fmarini wrote:There appears to be both a genetic and epigenetic component to clown barring.


This means that there is a) a basis for how clownfish bar up in the genes and b) the environment or other "ex-genetic" factors may be at play in how these genes are expressed as the fish developes.

And that's when it hit me. "Epigenetic", the "concept" anyway, fits rather nicely with all the issues surrounding the "ONYX" Percula. At least it does to me, given the notion that it seems you cannot force a Percula to simply get black flanks (a form of incomplete or maybe "mild" hypermelanism) by manipulating the environment. At least I'm not aware of anyone who's TRIED to do that with "non-onyx" clown offspring. Yet at the same time, simply having come from parents that may carry a genetic base to have black flanks does not guarantee that "Black Flanks" will be expressed. Even more curious was having "Onyx" perculas LOSE the black coloration for undertermined reasons.

Having a term that describes how this "trait" occurs, that is, to call "Onyx" an "EPIGENETIC" phenomenon, simply does not answer any questions. Far from it, it only raises more. That said, we have at least a bit of hope in the notion that there are other scenarious where genetic expression can be influenced by external (environmental) factors, and as such, we have paralelles to research....

HMMMMMMM

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Postby mpedersen » Wed Jul 02, 2008 2:07 pm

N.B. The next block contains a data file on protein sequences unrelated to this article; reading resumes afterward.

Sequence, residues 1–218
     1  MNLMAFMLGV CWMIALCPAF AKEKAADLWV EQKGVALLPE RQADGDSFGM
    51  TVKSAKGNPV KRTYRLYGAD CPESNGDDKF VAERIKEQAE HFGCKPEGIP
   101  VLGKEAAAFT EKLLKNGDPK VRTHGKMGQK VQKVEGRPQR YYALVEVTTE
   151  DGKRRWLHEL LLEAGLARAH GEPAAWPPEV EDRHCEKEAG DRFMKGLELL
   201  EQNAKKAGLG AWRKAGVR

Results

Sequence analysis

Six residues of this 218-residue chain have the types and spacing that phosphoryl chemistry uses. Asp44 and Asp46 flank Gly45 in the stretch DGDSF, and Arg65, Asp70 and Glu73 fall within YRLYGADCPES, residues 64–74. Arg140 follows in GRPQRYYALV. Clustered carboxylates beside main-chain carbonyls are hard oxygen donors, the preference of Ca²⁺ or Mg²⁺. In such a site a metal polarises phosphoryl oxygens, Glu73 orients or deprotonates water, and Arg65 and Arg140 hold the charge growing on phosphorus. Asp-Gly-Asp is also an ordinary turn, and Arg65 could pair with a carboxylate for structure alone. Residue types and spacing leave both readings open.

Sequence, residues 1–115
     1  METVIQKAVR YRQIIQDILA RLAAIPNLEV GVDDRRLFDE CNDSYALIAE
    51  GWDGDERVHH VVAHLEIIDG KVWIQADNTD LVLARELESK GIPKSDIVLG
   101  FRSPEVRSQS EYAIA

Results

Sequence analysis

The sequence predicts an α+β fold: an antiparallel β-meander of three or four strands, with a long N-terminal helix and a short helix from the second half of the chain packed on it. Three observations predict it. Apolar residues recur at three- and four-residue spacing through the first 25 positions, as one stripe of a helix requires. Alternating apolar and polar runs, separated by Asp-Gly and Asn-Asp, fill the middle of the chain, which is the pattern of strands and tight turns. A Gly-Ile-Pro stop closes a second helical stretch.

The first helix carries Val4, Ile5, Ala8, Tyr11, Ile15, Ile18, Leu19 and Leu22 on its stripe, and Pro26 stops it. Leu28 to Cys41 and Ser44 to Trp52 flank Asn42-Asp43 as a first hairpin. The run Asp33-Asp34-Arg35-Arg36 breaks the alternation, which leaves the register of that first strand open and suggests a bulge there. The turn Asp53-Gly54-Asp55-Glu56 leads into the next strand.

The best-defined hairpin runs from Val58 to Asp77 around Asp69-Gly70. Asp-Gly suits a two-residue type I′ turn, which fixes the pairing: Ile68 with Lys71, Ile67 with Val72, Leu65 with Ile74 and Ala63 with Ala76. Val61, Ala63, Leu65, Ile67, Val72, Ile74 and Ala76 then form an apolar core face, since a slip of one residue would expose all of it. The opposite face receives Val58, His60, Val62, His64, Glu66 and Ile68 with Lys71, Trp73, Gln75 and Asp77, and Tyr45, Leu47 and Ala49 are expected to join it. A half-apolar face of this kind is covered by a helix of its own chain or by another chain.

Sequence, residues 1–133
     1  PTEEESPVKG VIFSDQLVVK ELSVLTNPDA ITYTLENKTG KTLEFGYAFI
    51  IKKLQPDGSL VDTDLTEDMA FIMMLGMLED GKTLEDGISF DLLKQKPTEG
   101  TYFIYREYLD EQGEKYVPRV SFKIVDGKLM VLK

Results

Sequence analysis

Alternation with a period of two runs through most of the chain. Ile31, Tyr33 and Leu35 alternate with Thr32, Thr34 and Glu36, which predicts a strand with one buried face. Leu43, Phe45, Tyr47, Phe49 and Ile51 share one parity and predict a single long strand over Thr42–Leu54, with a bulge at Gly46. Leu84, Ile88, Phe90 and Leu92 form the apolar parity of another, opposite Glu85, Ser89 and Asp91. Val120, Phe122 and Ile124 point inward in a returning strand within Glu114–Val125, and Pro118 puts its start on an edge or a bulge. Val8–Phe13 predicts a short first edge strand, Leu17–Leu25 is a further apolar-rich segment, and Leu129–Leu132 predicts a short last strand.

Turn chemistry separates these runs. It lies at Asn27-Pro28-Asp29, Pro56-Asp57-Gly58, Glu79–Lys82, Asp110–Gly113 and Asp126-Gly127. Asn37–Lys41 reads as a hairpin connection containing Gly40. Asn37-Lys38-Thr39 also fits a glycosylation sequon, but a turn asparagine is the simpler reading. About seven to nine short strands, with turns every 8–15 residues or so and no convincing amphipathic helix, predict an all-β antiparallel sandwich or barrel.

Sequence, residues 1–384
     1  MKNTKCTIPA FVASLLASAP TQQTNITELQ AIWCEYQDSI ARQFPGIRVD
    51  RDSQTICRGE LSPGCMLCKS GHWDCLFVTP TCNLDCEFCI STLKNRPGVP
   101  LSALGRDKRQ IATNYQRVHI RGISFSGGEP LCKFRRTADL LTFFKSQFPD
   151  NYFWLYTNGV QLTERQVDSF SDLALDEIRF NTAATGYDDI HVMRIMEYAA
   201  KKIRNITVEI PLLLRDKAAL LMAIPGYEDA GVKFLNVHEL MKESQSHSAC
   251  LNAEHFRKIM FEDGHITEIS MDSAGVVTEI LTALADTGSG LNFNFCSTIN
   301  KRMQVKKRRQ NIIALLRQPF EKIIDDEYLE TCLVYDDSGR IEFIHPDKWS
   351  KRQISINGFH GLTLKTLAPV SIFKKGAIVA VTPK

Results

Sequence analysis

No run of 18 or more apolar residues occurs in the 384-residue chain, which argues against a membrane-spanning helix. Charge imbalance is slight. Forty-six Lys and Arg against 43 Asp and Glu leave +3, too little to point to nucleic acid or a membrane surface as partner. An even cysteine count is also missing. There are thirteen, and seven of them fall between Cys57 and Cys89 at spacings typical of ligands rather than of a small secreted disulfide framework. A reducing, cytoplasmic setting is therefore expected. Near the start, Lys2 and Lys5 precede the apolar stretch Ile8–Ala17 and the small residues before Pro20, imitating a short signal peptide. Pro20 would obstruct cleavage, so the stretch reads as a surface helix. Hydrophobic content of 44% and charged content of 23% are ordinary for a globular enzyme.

A couple quick notes, that I'm crossposting here and in my own Onxy Perc Breeding log:

#1. Despite spending a couple months in the same water as my Onyx Pair, the WC Onyx that lost it's black did not regain it. I have sold the pair and there will be another thread picking up where I left off with them (here's that thread - http://www.marinebreeder.org/phpbb/viewtopic.php?t=2978 )

#2. There's a local guy (Hector) who's purchased a few sets of offspring from my Onyx Percs. Here's the interesting observation. His Girlfriend has 2 of them in a nanocube lit with a HQI metal halide (either 70 watt but probably 150 watt). NEITHER of the F1 Onyx Percs has developed ANY black. Yet the ones that Hector has in another tank are almost solidly black on the flanks now. This only adds further annecdotal evidence onto the huge pile that suggests that development of the Onyx Coloration is dependant on EXTERNAL Factors, assuming that the ABILITY to have the Onyx coloration is passed along to all offspring....

FWIW,

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Postby DrHsu » Wed Jul 02, 2008 10:50 pm